Valence bond theory predicts that all electrons in diatomic oxygen are spin paired, making O2 diamagnetic. However, we know that diatomic oxygen is paramagnetic. This means that electrons are not spin paired.
If we apply valence bond theory, each oxygen in O2 looks like this:
2p _e-/e-_ _e-_ _e-_ (remember that electrons, when paired, spin in opposite directions and are drawn as arrows pointing up/down)
1s _e-/e- (usually not shown because only valence electrons are considered)
This is because oxygen has the atomic number 8 and therefore has 6 valence electrons (the other 2 are in the first shell of the atom). The 1s shell represents this first shell. The second shell includes one "s" and 3 "p" orbitals. The s orbitals must be filled with spin paired electrons first and then the ones that are left over are used to fill the 3 p orbitals. We start by putting one electron in each of the p orbitals. This uses three of the four electrons that we still have to place. The last one becomes spin paired with the electron in the first p orbital to fill that orbital. The other two p orbitals contain unpaired electrons.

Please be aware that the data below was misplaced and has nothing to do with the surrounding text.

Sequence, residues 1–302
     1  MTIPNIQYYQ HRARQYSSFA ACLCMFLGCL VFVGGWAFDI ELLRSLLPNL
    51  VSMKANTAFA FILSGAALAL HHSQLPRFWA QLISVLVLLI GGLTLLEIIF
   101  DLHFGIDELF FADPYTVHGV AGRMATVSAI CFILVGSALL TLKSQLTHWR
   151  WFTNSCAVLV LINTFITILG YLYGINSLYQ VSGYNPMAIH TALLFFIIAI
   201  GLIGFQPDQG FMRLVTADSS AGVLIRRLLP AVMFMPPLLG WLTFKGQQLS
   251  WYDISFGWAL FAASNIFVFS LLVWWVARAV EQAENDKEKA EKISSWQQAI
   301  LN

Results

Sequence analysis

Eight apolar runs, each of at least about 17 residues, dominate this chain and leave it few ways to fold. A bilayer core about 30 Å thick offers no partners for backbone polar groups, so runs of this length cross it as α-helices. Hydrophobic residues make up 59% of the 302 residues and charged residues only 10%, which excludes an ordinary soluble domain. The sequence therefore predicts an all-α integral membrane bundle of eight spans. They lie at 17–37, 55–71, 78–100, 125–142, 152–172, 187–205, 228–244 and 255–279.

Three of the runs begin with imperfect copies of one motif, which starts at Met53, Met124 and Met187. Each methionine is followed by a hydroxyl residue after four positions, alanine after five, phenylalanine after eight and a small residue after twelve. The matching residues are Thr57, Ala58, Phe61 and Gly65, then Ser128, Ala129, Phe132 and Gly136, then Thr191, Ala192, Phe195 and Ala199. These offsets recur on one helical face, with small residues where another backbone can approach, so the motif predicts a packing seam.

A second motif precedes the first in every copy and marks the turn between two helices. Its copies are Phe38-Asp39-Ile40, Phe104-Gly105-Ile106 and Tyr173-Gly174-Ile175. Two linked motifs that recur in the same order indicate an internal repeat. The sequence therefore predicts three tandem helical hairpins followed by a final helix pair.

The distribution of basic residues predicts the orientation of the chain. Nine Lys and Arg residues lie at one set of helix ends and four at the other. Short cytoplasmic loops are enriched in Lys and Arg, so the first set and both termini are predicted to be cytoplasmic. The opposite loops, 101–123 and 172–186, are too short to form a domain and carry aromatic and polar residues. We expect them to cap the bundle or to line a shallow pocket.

Using valence bond theory, you would predict that because each oxygen has those 2 unpaired electrons in their p orbitals, the two oxygens would form a covalent (double) bond and each would share their two unpaired electrons to fill their p orbitals leaving no unpaired electrons and making O2 diamagnetic. This isn't the case, of course.
O2 is paramagnetic with unpaired electrons. One must apply molecular orbital theory to understand why. This goes a step beyond valence bond theory.
We know that with O2 we have four total electrons in the "2s" orbitals (2 from each oxygen). These electrons are going to form something called sigma bonds. When you diagram molecular orbitals, there are both bonding and antibonding orbitals that must be drawn. These 4 "2s" electrons are going to be split into 1 bonding sigma orbital (2 electrons) and 1 antibonding sigma orbital (2 electrons).
We then move on to the "2p" orbitals. Each oxygen has 4 "2p" electrons. These electrons are going to go into sigma and pi bonds. When you diagram this, you have two pi bonding orbitals and one sigma bonding orbital and then corresponding higher energy (filled after low energy bonding orbitals) pi (2) antibonding orbitals and one antibonding sigma orbital.
Again, you use the "2p" electrons from both oxygens to fill these molecular orbitals. You start out by using 4 of the 8 "2p" electrons to fill the two bonding pi orbitals and then 2 more to fill the one bonding sigma orbital. This leaves 2 electrons. They are added to the higher energy antibonding pi orbitals (you'll see them as pi star).
One electron is added to each pi orbital so there are 2, unpaired electrons in the antibonding pi orbitals. This is where the paramagnetic behavior of O2 comes from. Whereas valence bonding theory predicts that all electrons will be paired, using the molecular orbital theory, you can see that there are unpaired electrons making O2 paramagnetic.